The Top 24 Things to Do in Toledo, Spain

Toledo is brimming with beauty and history around every corner
Toledo is brimming with beauty and history around every corner | © Sean Pavone / Alamy Stock Photo
Culture Trip

Toledo is an incredibly cultural city; it has seen numerous cultures and dynasties pass through its walls, as well as wars, royalty and artists. The legacy it guards is an essential part of Spanish culture, so visiting the city is bound to be a unique experience. Culture Trip has explored the streets of Toledo, searching for the very best attractions and activities.

1. Visit the Catedral Primada de Toledo


Toledo, Spain. Sunset HDR view of ancient city Toledo in Castilla la Mancha with Santa Iglesia Catedral and Alcazar.
© Alpineguide / Alamy Stock Photo
Toledo’s cathedral is one of the most important places to visit in this beautiful city. This grand monument is one of the best and most impressive examples of gothic architecture in the entire country. It was finished towards the end of the 15th century, more than 200 years after construction began. Tickets to visit the cathedral and its museums range from €10 to €12.50 (£9.15-11.45), or you could book a guided tour of the city that includes skip-the-line entry to the cathedral.

2. Take in panoramic views atop the Alcázar

Archaeological site, Historical Landmark

The Alcázar, built on the city’s highest point for military and strategic benefits, is a great place to learn about the area’s history and culture and offers striking panoramic views. Its roots date back to the third century when there was a Roman palace on the site. In the 10th century, the Moors, who had a very strong influence in the city, constructed the fortress, before it was passed to some of Spain’s royalty. Today, it’s a museum with various exhibitions that centre around the evolution of military strategy and weapons. Visit the Alcázar on a tour with a licensed guide to learn all about its fascinating origins.

3. Visit La Juderia


La Juderia, which translates to “the city of Jews”, was once the city’s Jewish quarter, and today, it’s a beautiful district with some excellently preserved buildings. A tour through La Juderia will allow you to learn what life was like for Jews under Muslim and Christian domination, as well as explore their culture and architecture.

4. Explore the city's culinary scene

Restaurant, Mediterranean, Spanish, European

Toledo’s cuisine is a delectable mix of different cultures. Jews, Christians and Muslims all lived here together at some point or other, giving Toledo the title of the City of the Three Cultures, something which is reflected in its cuisine. Apart from some excellent international restaurants, Toledo also offers typical Spanish fare, such as succulent suckling pig, which is the city’s speciality. Book a tapas and wine tasting tour to discover the best culinary hidden gems in town.

5. Check out the architecture of the Monasterio de San Juan de los Reyes

Building, Church, Memorial

The Monasterio de San Juan de los Reyes is a Franciscan monastery built under the reign of Isabella I of Castile, one of Spain’s most powerful queens. It was meant to be a royal mausoleum and serve as a memorial for their victory at the Battle of Toro. The structure is a stunning example of the Isabelline style that was predominant in Spain under the monarch’s reign. Long and narrow, it features many side chapels, and the Mudéjar-style ceiling is particularly remarkable.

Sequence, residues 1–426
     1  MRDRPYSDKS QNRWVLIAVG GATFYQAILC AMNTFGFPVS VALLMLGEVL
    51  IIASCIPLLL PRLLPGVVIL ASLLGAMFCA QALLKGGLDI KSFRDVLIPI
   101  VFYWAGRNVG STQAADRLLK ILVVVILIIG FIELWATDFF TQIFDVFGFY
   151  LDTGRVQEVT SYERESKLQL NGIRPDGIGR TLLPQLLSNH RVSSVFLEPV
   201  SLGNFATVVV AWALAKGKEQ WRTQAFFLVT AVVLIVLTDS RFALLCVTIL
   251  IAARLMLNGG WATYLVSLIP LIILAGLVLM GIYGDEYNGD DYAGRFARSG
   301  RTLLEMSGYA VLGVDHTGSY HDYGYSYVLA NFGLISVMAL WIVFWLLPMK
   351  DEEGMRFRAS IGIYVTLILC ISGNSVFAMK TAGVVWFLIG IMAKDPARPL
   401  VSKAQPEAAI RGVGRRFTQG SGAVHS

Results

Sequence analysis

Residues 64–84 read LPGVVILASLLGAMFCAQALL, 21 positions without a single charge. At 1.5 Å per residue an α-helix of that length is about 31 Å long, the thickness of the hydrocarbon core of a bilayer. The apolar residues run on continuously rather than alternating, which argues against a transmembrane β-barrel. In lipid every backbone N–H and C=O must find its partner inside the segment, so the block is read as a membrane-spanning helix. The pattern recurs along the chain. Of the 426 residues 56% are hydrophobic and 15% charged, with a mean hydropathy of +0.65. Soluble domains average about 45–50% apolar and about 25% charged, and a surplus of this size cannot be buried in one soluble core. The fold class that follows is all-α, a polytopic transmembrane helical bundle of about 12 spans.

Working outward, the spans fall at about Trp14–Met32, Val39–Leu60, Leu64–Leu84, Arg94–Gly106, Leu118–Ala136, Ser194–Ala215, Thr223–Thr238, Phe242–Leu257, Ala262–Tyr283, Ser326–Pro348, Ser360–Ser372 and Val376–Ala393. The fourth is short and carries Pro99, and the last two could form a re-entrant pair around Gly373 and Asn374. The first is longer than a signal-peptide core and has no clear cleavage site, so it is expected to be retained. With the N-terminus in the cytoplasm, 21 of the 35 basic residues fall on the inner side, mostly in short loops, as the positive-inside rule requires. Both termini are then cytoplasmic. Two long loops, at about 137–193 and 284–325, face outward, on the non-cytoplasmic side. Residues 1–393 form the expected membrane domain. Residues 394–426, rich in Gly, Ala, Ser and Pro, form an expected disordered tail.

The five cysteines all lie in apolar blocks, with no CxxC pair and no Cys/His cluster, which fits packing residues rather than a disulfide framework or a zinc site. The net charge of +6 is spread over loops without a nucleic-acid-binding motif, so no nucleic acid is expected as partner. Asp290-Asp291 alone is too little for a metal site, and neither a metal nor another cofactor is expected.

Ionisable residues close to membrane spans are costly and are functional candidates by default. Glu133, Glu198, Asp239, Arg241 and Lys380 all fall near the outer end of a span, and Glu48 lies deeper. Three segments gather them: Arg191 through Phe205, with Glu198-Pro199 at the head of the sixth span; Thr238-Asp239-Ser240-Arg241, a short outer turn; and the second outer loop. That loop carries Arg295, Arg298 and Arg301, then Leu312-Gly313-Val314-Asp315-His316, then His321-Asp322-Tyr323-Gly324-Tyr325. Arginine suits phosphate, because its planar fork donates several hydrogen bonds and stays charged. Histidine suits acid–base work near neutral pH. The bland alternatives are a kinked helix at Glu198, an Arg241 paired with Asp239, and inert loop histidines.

6. See Toledo from the Mirador del Valle

Cathedral, Church, Museum

Toledo sunset city view of the Alcazar from Mirador del Valle in Spain
© Emele Photography / Alamy Stock Photo
If the views from the Puente de San Martín are not enough, you can also visit the splendid Mirador del Valle, a fantastic viewpoint with vistas of the entire city. From here, you can see magnificent panoramas of the river, the imposing Alcázar, the tiny winding streets and the cathedral. The walk to the Mirador is also a sight in itself, as it passes numerous important buildings, including the Museum of Santa Cruz, the San Roman Church and the city walls. This is one of many stops on the city’s hop-on hop-off bus tour.

7. Take a Ruta Nocturna tour

Historical Landmark

One of the most memorable things to do in Toledo is to explore it by night when it takes on a completely different air. The lights turn on and point to the main buildings, creating beautiful shadows, while the noise from the hustle and bustle of the day dies down. Also, the unbearable heat during the summer days cools slightly, creating the perfect atmosphere for a walk around the city. Several guided tours are available after dark, so after visiting the interiors of Toledo’s buildings and enjoying its museums, why not learn about the history behind it all while talking a breezy walk?

8. Walk through La Puerta de Bisagra


Puerta de Bisagra in Toledo Spain
© Ben Molyneux / Alamy Stock Photo
A magnificent construction that provides access to the city, the Puerta de Bisagra dates back to the Moors, and while it was reconstructed in the 16th century, some of the original elements are visible today. The name comes from the Arabic Bab-Shagra, meaning something along the lines of “the door that leads to the field”. The exterior comprises an arch of triumph, accompanied by two beautiful semi-circular towers, and crowned by the city’s imperial coat of arms.

9. Cross the Puente de San Martín


This medieval bridge built over the River Tagus is a Toledo landmark and a very romantic place to go for an evening walk, complete with views of the old town. In the bridge’s middle arch, there is a small, weathered statue of a woman, representing the wife of the bridge’s architect. According to legend, the architect realised days before the inauguration that he had wrongly calculated the weight and length of the bridge. He thought it would collapse upon the removal of the scaffolding, so to protect her husband, she burnt it down at night during a horrible thunderstorm, making the villagers believe it was struck down by lightning.

10. Explore the Museo del Greco


Museo del Greco, Toledo, Spain. Image shot 10/2014. Exact date unknown.
© Horizon Images/Motion / Alamy Stock Photo